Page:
For flux sake: Isotopic tracer methods of monitoring human carbohydrate metabolism during exercise: Isotopes carbohydrate metabolism in exercise

Javier Gonzalez, Andy King

Research output: Contribution to journalReview articlepeer-review

Abstract

Isotopic tracers can reveal insights into the temporal nature of metabolism and track the fate of ingested substrates. A common use of tracers is to assess aspects of human carbohydrate metabolism during exercise under various established models. The dilution model is used alongside intravenous infusion of tracers to assess carbohydrate appearance and disappearance rates in the circulation, which can be further delineated into exogenous and endogenous sources. The incorporation model can be used to estimate exogenous carbohydrate oxidation rates. Combining methods can provide insight into key factors regulating health and performance, such as muscle and liver glycogen utilization, and the underlying regulation of blood glucose homeostasis before, during and after exercise. Obtaining accurate, quantifiable data from tracers, however, requires careful consideration of key methodological principles. These include appropriate standardization of pre-trial diet, specific tracer choice, whether a background trial is necessary to correct expired breath CO2 enrichments, and if so, what the appropriate background trial should consist of. Researchers must also consider the intensity and pattern of exercise, and the type, amount and frequency of feeding (if any). The rationale for these considerations is discussed, along with a experimental design checklist and equation list which aims to assist researchers in performing high-quality research on carbohydrate metabolism during exercise using isotopic tracer methods.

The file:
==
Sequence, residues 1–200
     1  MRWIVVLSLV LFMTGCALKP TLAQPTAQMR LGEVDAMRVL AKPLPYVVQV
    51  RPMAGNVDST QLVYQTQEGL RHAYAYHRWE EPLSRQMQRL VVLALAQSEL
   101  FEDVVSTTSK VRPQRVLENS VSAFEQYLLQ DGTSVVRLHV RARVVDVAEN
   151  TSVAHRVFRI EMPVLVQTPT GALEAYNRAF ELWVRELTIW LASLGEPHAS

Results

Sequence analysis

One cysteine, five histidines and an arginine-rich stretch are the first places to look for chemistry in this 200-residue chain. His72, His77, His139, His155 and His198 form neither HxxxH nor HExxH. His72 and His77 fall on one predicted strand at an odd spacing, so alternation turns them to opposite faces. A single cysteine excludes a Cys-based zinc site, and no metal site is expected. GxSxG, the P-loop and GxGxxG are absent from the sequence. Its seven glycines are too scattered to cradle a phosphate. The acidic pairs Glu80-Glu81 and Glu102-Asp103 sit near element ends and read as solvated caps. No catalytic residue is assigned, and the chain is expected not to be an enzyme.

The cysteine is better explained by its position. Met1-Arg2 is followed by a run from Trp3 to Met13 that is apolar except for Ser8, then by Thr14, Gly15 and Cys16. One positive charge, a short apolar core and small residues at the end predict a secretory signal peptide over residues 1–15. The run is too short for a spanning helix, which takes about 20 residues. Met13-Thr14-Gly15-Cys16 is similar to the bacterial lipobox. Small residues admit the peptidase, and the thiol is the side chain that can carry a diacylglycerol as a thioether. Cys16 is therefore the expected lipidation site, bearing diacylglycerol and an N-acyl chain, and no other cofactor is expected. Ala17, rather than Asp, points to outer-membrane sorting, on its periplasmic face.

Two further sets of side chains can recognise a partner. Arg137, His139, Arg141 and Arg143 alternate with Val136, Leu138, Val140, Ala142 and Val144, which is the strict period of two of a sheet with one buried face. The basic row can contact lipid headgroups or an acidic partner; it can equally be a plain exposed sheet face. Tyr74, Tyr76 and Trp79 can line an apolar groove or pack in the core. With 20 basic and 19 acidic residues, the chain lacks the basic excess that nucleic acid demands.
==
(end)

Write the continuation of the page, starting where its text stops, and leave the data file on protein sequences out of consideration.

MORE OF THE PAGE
Original languageEnglish
JournalInternational Journal of Sport Nutrition and Exercise Metabolism
Publication statusAcceptance date - 2022

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